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Episode 26: How De-implementation Can Ease Overwork

June 6, 2022

 

Season 3, Episode 6:

In this episode, Peter Dewitt discusses the concept of de-implementation and why it’s a term that should be on every leader’s mind. He sounds the alarm on what will continue to happen to our school communities if we don’t start easing the overwhelming workload for teachers and principals. With its origins in the medical field, Peter explains how de-implementation is also useful in the field of education for tackling the challenge of overwork. He will share the different forms it can take and when it makes sense to use a formalized process to lessen waste, increase results, and support major school improvement efforts.

 


 

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Peter DeWitt

 

Peter DeWitt

Peter DeWitt (Ed.D.), a former school principal in Upstate, NY, previously taught elementary school for 11 years. His syndicated blog, Finding Common Ground, is published by Education Week and he is a freelance writer for Vanguard Magazine. Peter has traveled the world, developing content, visiting school sites, influencing policy, and presenting with John Hattie. He has worked with educators at schools, districts, educational service centers, and educational organizations, including the Council of Chief State School Officials. His presentations focus on school leadership, school climate, as well as safeguarding LGBT students and other social justice topics.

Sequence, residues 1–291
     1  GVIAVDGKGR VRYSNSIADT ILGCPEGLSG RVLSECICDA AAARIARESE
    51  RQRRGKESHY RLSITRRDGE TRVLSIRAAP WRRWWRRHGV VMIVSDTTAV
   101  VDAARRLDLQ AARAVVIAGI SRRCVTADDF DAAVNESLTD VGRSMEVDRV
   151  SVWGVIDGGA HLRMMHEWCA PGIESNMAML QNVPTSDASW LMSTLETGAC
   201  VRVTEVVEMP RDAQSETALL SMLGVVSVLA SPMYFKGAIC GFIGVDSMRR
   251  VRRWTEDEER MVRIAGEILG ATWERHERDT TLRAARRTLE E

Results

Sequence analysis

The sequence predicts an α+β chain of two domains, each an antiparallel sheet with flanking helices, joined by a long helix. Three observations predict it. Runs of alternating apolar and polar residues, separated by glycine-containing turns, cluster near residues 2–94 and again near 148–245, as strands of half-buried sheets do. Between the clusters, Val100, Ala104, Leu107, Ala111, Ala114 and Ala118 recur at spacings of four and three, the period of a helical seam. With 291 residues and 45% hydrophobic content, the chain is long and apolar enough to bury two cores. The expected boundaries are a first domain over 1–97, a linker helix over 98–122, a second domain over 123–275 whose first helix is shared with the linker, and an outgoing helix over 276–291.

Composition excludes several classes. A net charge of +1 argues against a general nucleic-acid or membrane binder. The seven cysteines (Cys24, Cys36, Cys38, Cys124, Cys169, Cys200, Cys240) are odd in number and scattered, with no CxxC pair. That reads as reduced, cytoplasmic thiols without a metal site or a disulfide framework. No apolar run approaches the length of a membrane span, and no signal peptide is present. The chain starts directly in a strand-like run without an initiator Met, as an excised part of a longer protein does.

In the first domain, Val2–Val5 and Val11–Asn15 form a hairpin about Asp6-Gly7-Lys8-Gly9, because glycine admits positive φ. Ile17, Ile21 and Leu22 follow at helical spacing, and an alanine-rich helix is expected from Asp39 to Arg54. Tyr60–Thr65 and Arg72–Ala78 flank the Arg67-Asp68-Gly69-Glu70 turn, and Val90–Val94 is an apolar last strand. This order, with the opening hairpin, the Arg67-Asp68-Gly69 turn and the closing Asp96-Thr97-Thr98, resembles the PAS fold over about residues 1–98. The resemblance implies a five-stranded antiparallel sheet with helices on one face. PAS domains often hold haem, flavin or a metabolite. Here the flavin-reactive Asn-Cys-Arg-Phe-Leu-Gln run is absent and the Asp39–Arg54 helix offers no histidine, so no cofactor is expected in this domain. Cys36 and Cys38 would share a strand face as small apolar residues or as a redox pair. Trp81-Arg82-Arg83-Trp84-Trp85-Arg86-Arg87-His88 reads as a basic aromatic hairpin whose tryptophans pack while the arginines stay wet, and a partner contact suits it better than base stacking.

Learn more about Peter's onsite professional development consulting, Collaborative Leadership, and connect with him on Twitter.

 


 

 

De-Implementation

De-Implementation

Creating the Space to Focus on What Works

When it comes to school initiatives, more isn’t always better.

Today’s educators are buried under old practices, new ideas, and recommended initiatives. The problem? With such an abundance of strategies, it’s hard to recognize what, if anything, is working.

Before you’re tempted to add just one more idea to the pile, take a step back—and an objective look—so that you, central office leaders, building leaders, and teachers can decide which practices to keep, which to modify, and which to eliminate altogether.

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